Towards the end of the Bronze Age the settled Goddess worshippers were overrun by tribes of Aryan and Semitic descent. These warriors worshipped sky and thunder gods, gods of battle, fire and storm, a mythology which developed in the later Palaeolithic Age amongst these nomads who had to contend with a much harsher environment. The invasions had a dramatic impact on the Goddess cultures from Europe to India. The invaders were patriarchal, rode horses, herded cattle and prohibited writing. They appeared as Hittites in Anatolia, as Hurrians and Kassites in Mesopotamia, Achaeans and Dorians in Greece, and Aryans in the Indus valley. Wherever they penetrated they established themselves as the ruling caste. They introduced the idea of the opposition of light and darkness, rather than the totality of the older view. They introduced the idea that man was separate from the deity, and the deity was separate from creation. All that was good and noble was attributed to the master Gods, all that was the native nurture power of the older religion of the Goddess was related to the darkness, which became a negative concept.

In early Sumeria, Egypt and Crete, women played a public role, owning property and transacting business. Sisters and brothers inherited equally. After 2,300 BCE their status deteriorated. The Semitic tribes regarded women merely as the property of men. Brothers, husbands and fathers had the right of life or death over them. Daughters could be sold into slavery or exposed to die. Sons inherited all property. The Aryan peoples had no priestesses and regarded women as chattels.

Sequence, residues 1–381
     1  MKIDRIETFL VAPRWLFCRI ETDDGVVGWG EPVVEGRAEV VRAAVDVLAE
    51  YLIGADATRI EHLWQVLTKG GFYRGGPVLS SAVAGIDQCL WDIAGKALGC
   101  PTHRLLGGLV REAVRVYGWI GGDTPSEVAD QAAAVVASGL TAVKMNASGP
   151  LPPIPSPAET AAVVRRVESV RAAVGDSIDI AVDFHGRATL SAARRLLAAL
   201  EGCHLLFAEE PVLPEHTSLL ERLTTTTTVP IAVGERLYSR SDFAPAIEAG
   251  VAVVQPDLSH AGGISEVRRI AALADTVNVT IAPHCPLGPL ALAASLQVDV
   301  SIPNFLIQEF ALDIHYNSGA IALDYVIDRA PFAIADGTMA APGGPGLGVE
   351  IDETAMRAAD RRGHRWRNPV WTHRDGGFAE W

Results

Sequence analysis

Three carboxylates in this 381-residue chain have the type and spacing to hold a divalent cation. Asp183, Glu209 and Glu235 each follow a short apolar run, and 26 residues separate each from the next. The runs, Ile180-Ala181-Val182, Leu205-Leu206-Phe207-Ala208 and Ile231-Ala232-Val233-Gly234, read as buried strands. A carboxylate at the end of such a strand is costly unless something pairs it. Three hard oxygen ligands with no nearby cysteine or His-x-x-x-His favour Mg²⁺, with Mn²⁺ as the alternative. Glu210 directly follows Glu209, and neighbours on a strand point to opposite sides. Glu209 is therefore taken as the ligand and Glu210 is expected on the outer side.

The concept of the single male deity, a father needing no mother, gradually took hold. The role of the Goddess was denied, and in consequence the status of women was lowered. Christianity, Judaism and Islam converted the Goddess mythology into stories of evil, building churches over sacred sites, and declaring the old gods and goddesses to be demons, or where this was difficult, changing them to Christian saints, as the goddess Brighid became St Brigit in Ireland. Women became less than second class citizens in religion, some theologians even denying them souls. Even today, many deny that women can become priests – a vocation, intelligence, faith and dedication meaning nothing alongside the fact of possessing the wrong set of genitalia. This is a world view that has women as an adjunct to creation, a view that keeps her in her place. All that is male is glorified; all that is female is denigrated as unclean and unfit – too earthly for participation in the worship of a glorious, exclusively male deity who lives apart from his sinful creation. Of course, many Christians, Moslems and Jews are far more enlightened than this, but it remains a lop-sided view of spirituality. The English occultist Dion Fortune said that any religion without a goddess is half atheist.